Explains what sleeping pills and minor tranquillisers are used for, how the medication works, possible side effects and information about withdrawal.
This page has information which may help you decide whether to begin taking sleeping pills or minor tranquillisers. It covers:
See our page on what you should know before taking any psychiatric drug for more information that may help with your decision.
Sleeping pills and minor tranquillisers can have side effects, which can be unpleasant. Whether or not you get side effects depends on which drug you are taking and how you react to that drug.
For information on the side effects of specific types of medication, see our pages on:
It may also help to know the following:
All sleeping pills and minor tranquillisers slow your thinking and your reactions. This means driving or operating machinery after taking these drugs could be dangerous.
How long you should avoid these activities for depends on which drug you take and how long its effects last. With some medication, you may need to avoid driving or using machinery the day after taking the drug.
You are not breaking the law if:
But it is illegal to drive or attempt to drive if your ability to do so is impaired by any drug. This includes medication which you have been legally prescribed.
For some minor tranquillisers, it is also an offence to drive, attempt to drive, or be in charge of a motor vehicle while you have more than a certain amount of that drug in your body. The person who prescribes your medication should discuss this with you.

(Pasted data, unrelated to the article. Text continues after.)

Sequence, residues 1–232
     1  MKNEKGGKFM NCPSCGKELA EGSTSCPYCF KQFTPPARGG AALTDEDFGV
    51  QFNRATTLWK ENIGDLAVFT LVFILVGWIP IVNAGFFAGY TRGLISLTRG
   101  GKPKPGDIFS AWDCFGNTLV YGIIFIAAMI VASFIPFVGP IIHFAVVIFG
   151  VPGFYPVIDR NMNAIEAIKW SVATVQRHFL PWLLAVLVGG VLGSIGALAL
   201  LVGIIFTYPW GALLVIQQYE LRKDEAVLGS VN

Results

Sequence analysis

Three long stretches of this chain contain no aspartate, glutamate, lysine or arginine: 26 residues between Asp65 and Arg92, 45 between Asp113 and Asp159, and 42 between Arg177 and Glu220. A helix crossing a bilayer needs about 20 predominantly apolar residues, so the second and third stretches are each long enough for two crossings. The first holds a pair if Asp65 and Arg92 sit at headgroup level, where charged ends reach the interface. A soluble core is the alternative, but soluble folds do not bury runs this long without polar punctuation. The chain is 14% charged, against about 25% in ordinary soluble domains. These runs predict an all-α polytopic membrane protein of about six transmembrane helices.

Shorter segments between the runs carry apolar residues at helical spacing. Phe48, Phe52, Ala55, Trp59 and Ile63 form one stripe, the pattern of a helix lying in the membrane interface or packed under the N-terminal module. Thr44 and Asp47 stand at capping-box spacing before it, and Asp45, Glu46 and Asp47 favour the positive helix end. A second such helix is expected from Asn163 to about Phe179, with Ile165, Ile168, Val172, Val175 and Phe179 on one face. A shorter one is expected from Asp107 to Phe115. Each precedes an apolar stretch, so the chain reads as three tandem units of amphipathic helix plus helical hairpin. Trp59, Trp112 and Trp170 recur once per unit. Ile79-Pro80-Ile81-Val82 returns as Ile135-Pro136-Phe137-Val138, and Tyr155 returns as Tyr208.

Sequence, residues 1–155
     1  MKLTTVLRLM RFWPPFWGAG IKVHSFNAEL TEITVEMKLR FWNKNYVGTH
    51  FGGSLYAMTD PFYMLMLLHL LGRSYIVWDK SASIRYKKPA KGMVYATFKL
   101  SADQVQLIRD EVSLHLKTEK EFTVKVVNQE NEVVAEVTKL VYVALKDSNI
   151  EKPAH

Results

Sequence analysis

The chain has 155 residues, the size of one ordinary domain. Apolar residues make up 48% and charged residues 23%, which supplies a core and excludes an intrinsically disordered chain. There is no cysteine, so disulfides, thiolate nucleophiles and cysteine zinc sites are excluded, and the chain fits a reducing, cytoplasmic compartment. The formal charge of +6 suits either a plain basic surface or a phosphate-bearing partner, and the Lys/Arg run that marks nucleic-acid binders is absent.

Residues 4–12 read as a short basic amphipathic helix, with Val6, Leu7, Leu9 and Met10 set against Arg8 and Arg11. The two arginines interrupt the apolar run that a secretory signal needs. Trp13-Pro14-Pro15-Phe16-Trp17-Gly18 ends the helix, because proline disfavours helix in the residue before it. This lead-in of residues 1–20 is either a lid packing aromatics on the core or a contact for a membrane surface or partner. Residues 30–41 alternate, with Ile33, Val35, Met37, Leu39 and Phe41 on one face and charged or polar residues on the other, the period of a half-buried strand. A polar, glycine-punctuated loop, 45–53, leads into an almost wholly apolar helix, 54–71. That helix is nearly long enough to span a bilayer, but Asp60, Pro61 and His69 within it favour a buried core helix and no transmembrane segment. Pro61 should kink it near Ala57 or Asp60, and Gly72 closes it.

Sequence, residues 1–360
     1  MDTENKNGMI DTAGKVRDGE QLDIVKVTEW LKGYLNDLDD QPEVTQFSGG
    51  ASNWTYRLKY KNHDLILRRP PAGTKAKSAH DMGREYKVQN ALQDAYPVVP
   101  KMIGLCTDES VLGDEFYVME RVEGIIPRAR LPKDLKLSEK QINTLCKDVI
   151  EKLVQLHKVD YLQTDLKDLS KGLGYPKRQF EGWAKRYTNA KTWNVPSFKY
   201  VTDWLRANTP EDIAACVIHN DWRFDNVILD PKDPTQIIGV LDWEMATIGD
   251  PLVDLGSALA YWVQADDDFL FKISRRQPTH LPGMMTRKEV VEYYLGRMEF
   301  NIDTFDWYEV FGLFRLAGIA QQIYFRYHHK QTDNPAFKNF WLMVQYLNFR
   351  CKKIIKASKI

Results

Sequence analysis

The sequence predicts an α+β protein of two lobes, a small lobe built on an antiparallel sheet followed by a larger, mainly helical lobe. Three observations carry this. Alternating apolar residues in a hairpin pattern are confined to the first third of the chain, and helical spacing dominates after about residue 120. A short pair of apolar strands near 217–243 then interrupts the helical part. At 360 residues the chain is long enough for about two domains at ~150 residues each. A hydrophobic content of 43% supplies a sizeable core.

They may be also legally obliged to report you to the Drivers Vehicle and Licence Association (DVLA) if they suspect your ability to drive is affected.
See our page on medication and driving for more information about this.
Some of these medications are controlled drugs under the Misuse of Drugs Act. This means that stricter rules may apply to these drugs, such as for writing and dispensing prescriptions.
It also means that if you are in possession of these drugs when you haven't been prescribed them, or you pass on any of these drugs to relatives or friends, you are technically committing a criminal offence. This means you could be liable to imprisonment or a fine.
If you want to more about this, you can speak to your doctor or pharmacist. The National Institute for Health and Care Excellence (NICE) also has information about controlled medicines, including how to store and get prescriptions for controlled drugs.
This information was published in April 2021. We will revise it in 2024.
References are available on request. If you would like to reproduce any of this information, see our page on permissions and licensing.